No, I’m not agreeing (as my first post on this thread illlustrates.) I am saying that, while there is a certain value in attending CNS endorsed schools, it isn’t necessarily the only or best option for everyone. I am, further, noting that sometimes (if not often) students at those schools (who may well be quite orthodox) will note other problems which exist at the institutions. Just because they are seen as “faithful to the magisterium” on stuff doesn’t make them ideal institutions in all ways for everyone.


Oh no, not at all. I’m not judging those who are going to secular universities. Sorry if that’s how you understood it. :ouch:

In fact, I’m impressed and I really admire those Catholics who go to very liberal and secular schools, but are still very devout and faithful.

I’m also trying to say that it is very difficult for me to be in such a secular environment.

I’m actually referring to myself in my previous post. As I’ve said, before I would have dreamed of going to prestigious schools. But now, I think I envy those who go to orthodox Catholic universities.


You can be the one to make a difference- if there isn’t much of a Catholic presence.


You dont need to go to an extremely prestigious school to have a future, you will still get a good job and be taken seriously.


Sorry I can’t sit idle any longer. You want to go to a prestigious school? You want an authentic spiritual life? Then go to Notre Dame. 200 Masses weekly, daily confession and public rosary at the Grotto, single-sex dorms with strict visitation, GREAT retreats on campus, 4 required theo and philo classes, great charismatic dorm Masses, Great traditional Novus Ordo Masses at the Basilica, great Tridentine Mass each week (whatever your preference…they have it), the campus life is centered around Catholic Spirituality, priests in each men’s residence hall (even in many of the women’s), great push for Catholic Social Justice teaching, great volunteer opportunities, great missionary possibilities (10% of graduating seniors become missionaries for first year or two out of Notre Dame - many in underfunded U.S. Catholic schools, many others abroad in the third world), over 100 priests on campus (and some great ones), Basilica of the Sacred Heart (one of America’s greatest and most beautiful), Grotto of Our Lady of Lourdes, many many many hours of Eucharistic adoration each week in several campus locations, 46 campus chapels (almost all with daily Mass), 85% of student body is Catholic, 53% of all faculty is Catholic (with a major push right now to increase this number exponentially), undergraduate seminary program (at full capacity) as well as Moreau Major Seminary on campus, fantastic and active Right to Life Club, Knights of Columbus, Knights of Immaculata, Fellowship of Christian athletes, Center for Social Concerns, etc…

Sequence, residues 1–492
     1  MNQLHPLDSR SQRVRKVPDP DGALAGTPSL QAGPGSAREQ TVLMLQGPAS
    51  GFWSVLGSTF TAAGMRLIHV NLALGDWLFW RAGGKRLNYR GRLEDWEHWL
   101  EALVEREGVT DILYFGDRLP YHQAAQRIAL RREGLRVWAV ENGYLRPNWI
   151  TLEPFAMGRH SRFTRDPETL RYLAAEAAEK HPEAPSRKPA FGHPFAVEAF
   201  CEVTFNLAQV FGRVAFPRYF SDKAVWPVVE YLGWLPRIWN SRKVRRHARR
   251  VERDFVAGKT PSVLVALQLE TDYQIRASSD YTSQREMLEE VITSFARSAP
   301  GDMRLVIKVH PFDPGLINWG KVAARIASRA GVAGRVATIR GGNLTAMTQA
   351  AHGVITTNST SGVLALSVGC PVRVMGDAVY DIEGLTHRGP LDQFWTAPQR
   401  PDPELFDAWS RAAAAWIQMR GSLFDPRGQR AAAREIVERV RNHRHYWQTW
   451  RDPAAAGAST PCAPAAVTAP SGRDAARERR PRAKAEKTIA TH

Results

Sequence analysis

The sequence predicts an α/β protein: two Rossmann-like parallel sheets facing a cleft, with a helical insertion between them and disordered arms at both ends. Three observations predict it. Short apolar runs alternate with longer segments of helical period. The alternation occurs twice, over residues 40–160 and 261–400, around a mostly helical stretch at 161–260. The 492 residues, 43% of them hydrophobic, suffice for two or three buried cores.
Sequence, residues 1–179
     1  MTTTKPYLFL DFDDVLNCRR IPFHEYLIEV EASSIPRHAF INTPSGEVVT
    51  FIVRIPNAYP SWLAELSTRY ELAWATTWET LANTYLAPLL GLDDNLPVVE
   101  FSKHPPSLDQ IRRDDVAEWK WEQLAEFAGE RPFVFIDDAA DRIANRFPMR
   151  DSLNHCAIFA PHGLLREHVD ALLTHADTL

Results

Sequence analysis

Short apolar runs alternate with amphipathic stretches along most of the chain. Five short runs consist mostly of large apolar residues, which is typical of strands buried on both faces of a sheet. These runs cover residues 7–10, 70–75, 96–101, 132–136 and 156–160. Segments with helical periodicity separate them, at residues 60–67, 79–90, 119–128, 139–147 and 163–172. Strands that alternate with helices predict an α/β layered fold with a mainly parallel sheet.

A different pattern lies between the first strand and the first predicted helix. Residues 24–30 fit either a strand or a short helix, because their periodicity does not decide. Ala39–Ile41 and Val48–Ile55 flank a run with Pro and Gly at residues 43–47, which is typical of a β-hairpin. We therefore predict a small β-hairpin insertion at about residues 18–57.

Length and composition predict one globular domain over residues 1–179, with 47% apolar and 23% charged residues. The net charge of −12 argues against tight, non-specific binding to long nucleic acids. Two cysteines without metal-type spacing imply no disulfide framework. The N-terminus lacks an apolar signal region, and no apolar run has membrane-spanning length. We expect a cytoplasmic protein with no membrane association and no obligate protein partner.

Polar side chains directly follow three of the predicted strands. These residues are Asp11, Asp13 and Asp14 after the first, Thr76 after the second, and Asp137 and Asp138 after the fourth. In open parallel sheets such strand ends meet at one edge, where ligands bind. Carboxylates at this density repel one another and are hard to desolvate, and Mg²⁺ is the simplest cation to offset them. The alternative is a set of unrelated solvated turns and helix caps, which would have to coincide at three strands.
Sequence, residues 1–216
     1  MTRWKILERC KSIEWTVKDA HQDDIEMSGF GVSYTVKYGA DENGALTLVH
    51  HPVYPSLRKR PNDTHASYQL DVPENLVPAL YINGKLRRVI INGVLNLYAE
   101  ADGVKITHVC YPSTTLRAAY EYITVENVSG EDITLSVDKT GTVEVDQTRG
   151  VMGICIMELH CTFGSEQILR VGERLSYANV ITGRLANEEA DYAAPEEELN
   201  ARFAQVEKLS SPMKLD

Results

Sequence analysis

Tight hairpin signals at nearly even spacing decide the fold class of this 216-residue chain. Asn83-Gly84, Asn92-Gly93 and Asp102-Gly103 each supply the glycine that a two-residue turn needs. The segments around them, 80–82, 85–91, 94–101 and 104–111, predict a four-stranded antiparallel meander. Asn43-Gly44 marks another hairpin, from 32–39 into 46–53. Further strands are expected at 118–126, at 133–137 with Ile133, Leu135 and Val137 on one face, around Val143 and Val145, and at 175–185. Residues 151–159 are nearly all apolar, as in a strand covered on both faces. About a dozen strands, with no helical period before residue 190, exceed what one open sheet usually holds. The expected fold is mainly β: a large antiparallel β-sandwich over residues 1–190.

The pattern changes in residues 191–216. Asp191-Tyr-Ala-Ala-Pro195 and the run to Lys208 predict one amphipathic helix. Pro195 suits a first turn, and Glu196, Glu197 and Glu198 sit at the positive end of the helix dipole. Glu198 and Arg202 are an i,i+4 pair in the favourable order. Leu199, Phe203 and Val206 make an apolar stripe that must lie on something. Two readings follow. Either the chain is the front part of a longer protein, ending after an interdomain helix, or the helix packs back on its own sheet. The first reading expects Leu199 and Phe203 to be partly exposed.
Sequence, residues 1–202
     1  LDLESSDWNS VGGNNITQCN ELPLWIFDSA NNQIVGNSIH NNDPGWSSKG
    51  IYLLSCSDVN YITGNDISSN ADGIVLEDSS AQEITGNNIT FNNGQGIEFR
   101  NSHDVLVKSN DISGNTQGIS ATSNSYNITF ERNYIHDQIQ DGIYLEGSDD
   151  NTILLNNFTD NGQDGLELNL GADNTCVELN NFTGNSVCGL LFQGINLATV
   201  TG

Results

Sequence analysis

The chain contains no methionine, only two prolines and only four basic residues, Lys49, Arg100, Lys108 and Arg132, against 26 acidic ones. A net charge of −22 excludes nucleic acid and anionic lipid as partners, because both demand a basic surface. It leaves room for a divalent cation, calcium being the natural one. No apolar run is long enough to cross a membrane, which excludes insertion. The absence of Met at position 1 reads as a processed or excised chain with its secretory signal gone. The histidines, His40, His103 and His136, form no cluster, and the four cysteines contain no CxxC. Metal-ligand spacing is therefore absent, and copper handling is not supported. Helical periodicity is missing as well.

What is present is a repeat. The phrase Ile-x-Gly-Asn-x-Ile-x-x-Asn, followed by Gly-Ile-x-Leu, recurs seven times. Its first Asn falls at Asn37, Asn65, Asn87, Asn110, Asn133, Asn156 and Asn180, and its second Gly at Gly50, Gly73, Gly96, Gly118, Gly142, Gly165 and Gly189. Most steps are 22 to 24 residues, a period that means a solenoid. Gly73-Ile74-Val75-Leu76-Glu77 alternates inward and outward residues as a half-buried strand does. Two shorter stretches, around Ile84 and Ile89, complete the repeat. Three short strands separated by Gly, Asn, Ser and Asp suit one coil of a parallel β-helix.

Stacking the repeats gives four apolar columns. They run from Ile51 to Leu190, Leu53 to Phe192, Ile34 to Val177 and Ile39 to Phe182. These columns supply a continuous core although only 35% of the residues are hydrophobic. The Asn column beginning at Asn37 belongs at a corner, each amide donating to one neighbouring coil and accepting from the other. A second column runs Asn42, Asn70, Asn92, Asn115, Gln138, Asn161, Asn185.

Check out these websites below to see more about the above opportunities… (this is one of the men’s residence hall’s “faith” section of their webpage - just an example of the rich spiritual student life).

Unfotunately, many people on do not know the true Notre Dame and the beauty of the school’s very rich spiritual life. Hope this helps. I loved it. I grew in my Catholic faith immensely while at ND. And, yes, the graduate programs for theology are tuition-free for Catholic only students who are pursuing service in the Church. Not a bad deal! …especially at a university ranked 19th in the nation academically. Regarding Notre Dame, believe those who have experienced the university first-hand, not those on this site who have never lived a Notre Dame life. We, the alumni, know how “Catholic” Notre Dame is. It is very Catholic. Those who disagree are ignorant of the true Notre Dame. You must experience it first hand to understand. You will love it. …as I’m sure you will also love FUS and CUA…I am sure they too are great in their own distinctive way. I just cannot comment too much since I did not go to those schools, but I have certainly heard positives (and negatives - like any school, no university is perfect). Good luck on your decisions and God Bless.